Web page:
Roo-gate hits Sochi as Australian athlete’s family asked to remove boxing kangaroo flag reports Natalie Peters from Russia
Don’t mess with a dedicated Australian supporter at an international sporting event.
Natalie Peters to Snow It All is a broadcaster, journalist, skier and is covering the Olympic Games for 2GB in Sydney where she is Deputy News Director. She is filing exclusive blogs for us from the ground in Russia. Follow her on twitter @nataliejpeters
That’s the lesson for Russian officials, who’ve unsuccessfully tried to stop Shane Morris flying a Boxing Kangaroo flag at Extreme Park in the mountains above Sochi.
Shane is in the Olympic city to support his son Dave Morris, Australia’s sole male competitor in the aerials skiing and the only Australian male aerialist to compete in two winter Olympics.
He, his wife Margaret and their other son Peter (who’s well known among Aussies here for his outlandish green and gold suit) were enthusiastically cheering on our women’s Moguls team in last night’s qualifiers when they were approached by an official demanding the flag be removed.
Shane stood his ground, trying to explain it has official approval.
“It was a bit of a confrontation,” he says. “I pointed to all the variations of the Russian flags and said, take all of them away and then we’ll talk.”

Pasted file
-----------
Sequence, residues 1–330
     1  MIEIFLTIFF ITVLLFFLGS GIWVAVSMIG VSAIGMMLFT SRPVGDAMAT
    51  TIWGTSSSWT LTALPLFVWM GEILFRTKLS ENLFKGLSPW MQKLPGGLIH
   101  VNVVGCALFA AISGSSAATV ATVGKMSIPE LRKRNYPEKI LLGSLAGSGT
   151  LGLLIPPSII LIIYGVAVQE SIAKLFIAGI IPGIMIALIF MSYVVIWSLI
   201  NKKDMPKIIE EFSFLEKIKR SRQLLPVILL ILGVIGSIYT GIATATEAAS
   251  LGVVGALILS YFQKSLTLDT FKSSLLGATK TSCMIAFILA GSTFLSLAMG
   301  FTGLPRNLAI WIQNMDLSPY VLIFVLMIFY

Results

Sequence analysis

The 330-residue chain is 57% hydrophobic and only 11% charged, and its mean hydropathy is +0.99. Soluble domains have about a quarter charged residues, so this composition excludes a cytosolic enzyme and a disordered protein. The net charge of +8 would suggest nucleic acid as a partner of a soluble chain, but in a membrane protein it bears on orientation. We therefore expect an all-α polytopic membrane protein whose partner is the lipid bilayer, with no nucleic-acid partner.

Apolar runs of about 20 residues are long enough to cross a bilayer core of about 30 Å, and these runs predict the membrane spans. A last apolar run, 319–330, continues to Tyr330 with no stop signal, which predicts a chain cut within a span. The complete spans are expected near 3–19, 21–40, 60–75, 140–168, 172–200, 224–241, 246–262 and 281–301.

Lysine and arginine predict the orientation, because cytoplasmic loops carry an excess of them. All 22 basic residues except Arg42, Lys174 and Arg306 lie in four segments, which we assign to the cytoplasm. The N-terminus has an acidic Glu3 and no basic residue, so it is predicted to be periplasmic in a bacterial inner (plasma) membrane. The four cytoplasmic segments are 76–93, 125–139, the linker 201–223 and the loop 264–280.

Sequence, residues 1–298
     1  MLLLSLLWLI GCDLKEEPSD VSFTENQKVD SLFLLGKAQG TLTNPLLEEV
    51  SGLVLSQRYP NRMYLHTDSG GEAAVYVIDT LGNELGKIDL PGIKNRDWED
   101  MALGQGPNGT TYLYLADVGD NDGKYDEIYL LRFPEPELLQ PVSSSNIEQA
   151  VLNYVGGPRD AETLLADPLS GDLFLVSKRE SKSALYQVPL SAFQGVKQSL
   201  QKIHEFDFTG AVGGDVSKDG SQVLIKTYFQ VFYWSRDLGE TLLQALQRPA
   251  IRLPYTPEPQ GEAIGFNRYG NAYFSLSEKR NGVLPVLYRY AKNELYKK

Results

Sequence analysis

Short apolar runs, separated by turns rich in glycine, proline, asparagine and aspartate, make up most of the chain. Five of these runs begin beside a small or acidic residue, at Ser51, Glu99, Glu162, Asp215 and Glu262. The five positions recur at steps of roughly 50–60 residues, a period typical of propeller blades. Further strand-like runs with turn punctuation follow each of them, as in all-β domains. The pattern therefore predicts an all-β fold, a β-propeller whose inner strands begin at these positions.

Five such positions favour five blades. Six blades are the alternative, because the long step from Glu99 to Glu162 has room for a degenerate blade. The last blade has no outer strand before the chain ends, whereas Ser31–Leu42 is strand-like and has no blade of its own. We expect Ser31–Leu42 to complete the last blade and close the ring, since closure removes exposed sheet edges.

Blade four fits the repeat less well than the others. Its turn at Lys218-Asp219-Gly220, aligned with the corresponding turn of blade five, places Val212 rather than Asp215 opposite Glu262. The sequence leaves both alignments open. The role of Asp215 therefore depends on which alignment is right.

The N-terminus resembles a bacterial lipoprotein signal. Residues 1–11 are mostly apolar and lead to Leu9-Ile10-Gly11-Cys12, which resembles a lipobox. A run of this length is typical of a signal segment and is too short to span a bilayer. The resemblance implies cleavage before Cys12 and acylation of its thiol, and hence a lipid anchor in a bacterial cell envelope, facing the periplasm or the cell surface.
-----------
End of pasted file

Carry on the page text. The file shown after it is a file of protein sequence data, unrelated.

The man gave in, but for a short while after a security official dressed in black was stationed next to the family.
Shane (aka @mrsheenagain due to his uncanny resemblance) fired off this tweet.
The first Dave Morris heard of roo-gate was at a press conference this morning, where he laughed and admitted his dad will probably fly the same flag tomorrow.
“Supporters can have whatever they want, they’re supporters so they can support the team however they want.”
And unless Russia has imposed a fresh restriction, in this particular case he’s right. While most non-country flags are banned from venues (you’re not going to see a rainbow flag for example), the Boxing Kangaroo version was approved for use after causing a furore when it flew in the athlete’s village at the Vancouver Olympics.
“It’s a rebel, a rebel kangaroo,” said Morris.
Australian team leader Ian Chesterman wasn’t sure what the issue was with the Boxing Kangaroo at the Moguls, but promised to look into it.
“It’s definitely been a symbol of our team, and of course, it’s already had some controversy in the past,” he told reporters. “I’m glad the Boxing Kangaroo is back in the news.”
Either way, he says Shane and his family from Melbourne’s eastern suburbs, have the full support of the Olympic team.
“They’re sensational, we love the Morris family,” he said.
Dave fears his brother Peter may now swap the famous suit for a Kangaroo costume, as he cheers on our athletes in Sochi.
We would show you a pic of the Boxing Kangaroo but have been asked to remove it by the AOC as they have trademarked it.
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